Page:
Musical Hallucinations and
Central Auditory Processing Disorder
Thanks for taking the time to read this. I didn't write this for me. I wrote it for anyone else who has similar brain functions to mine, and might stumble onto this page. If that is you, please take comfort in knowing that you are probably okay, since I am. It's not a disease, it's just a condition, and can be lived with, and even enjoyed.
Being a scientist, I had to study to find the source of my inspiration. Unlike the classic poets, musicians, and Bards, I had no muse. I had something else, and it would not shut up. Initially, I had help from one of my sisters, and later, I tracked CAPD information on my own. Oops, I am getting ahead of myself. Let me begin again.
From my earliest memories, I have always had music playing in the background of my mind. I don't hear it in my ears, but at a spot inside my brain, between the ears, and to the rear of the skull. I thought everyone had it, and so, didn't mentioned it.
One day, when I was five, my oldest sister, Annette, was watching me while the parents were out, and we were playing a board game. The music was very good, and so I commented on it. She asked, "What music?"
I have to explain about Annette and I, so that you will understand the rest of my story. Annette was/is very bright. While still in high school, she had already began to form the basis for her theories of cognitive psychology and child development. Though she never published her work on the topic, she applied her theories while raising her two daughters. Both of her children could read at the third-grade level when they were just four years old.Even earlier, I was Annette's guinea pig for her experiments in human learning. When she took Algebra in high school, I was four. I was curious, and so she showed me what she was doing. She was patient, and taught me the language of mathematics. Together, we learned Algebra while she did her homework. I became good at it, and sometimes found the answers to a hard problem before she did. When Annette took Geometry, I was at the kitchen table each night doing homework with her. Perhaps that early training was why I am now a mathematician?
Annette has always believed that we do not challenge children to learn enough when they are most inquisitive, at the earliest years, when all their neurons are in a learning mode. Carl Friedrich Gauss invented several mathematical methods while just a child. Wolfgang Amadeus Mozart was also a child prodigy. While Gauss' parents were not well educated, his father taught him math as a child, and Mozart's father was a leading violin instructor in Europe. Sure, the kids were gifted, but they had to be taught and challenged. Gauss did not become a musician, and Mozart did not become a mathematician, though it could have been, if they were to have had the other's parents.
With Annette's encouraging discussions of "my music" and her library research, I learned that I have what are called "musical hallucinations." It is completely different than "auditory hallucinations," where a person hears voices in their head. (I do not have that.) The New York Times has a good article on musical hallucinations: Neuron Network Goes Awry, and Brain Becomes an IPod.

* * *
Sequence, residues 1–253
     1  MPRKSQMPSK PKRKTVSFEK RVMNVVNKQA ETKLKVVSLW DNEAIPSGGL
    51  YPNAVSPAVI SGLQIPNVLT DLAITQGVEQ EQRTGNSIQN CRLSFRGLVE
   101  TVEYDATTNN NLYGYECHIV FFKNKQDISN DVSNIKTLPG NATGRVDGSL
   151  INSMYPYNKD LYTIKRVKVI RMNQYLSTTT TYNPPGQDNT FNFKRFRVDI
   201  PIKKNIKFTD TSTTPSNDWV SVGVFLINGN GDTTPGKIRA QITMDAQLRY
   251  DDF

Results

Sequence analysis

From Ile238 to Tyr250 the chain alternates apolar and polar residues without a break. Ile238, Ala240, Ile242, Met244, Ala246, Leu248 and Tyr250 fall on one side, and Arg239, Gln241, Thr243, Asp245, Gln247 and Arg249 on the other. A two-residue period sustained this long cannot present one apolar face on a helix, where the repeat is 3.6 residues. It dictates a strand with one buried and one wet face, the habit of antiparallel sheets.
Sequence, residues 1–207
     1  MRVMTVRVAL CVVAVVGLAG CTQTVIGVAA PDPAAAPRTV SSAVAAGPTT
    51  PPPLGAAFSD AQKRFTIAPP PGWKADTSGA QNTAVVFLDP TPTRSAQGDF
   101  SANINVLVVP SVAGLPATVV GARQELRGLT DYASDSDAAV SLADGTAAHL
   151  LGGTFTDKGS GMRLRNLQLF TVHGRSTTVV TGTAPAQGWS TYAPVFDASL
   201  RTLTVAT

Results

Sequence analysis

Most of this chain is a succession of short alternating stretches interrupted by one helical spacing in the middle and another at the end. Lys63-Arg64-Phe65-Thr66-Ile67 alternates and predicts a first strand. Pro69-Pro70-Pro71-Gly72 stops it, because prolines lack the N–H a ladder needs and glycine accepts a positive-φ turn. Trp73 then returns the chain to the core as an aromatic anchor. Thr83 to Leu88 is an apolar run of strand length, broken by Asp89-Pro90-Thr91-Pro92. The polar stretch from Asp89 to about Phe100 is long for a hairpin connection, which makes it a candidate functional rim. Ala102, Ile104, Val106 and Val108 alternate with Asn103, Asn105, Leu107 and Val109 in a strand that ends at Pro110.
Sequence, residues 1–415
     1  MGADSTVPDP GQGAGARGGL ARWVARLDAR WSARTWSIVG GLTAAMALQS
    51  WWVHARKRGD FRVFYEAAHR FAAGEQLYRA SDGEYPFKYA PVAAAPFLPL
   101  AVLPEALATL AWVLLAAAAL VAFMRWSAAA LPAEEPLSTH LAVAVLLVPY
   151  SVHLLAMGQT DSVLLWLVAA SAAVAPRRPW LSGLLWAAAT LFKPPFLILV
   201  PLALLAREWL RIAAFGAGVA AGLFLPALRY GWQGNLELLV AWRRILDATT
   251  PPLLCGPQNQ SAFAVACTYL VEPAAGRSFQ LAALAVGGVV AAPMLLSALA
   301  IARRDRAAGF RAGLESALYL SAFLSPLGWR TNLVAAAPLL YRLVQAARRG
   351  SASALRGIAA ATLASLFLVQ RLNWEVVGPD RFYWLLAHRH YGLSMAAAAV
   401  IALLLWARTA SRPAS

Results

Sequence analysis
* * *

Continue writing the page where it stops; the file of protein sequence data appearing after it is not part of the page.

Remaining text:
Timothy Griffiths of the Newcastle University Medical School in England is an expert on auditory disorders. His research indicates that a person can hear musical hallucinations every hour of the day without any other distortion of reality. When sounds first enter human brains, they activate a region of neurons near the ears called the primary auditory cortex which processes sounds heard by the ear. It is similar to the receiver on a radio. The auditory cortex reads the vibrations of the eardrum and converts it into electrical brainwave signals that are sent to other regions of the brain, which analyze the signals, recognizing complex features of music, such as rhythm, key changes and melody.
Research has shown that the primary auditory cortex neurons can misbehave without affecting any other part of the brain. Additionally, MRI data have shown that people who "listen" to their musical hallucinations show brain images very similar to normal people who are listening to music, while people who ignore their musical hallucinations show brain images similar to normal people when there is no music playing in the MRI room.
For me, it makes sense. It must tie into another brain condition I have, Central Auditory Processing Disorder (CAPD). CAPD is easiest to describe as auditory dyslexia, where sounds get flipped and jumbled at the part of the brain described above. Musical notes are pure tone, and so don't get jumbled. The speach sounds do get jumbled, especially in the presence of noise, fans and air conditioning. I can hear the tones of a person's voice, but can't pick out the words. I have learned to read lips to help me "hear" at those times.
So, like the composer Robert Schumann I hear music in my head. I always have. Schumann went crazy. As I write this, I am 48 years old, and show no signs of insanity. I think I am safe from that. Still, like Schuman, I might like some of the music I hear, and decide to write it down. That is where my music compositions come from.
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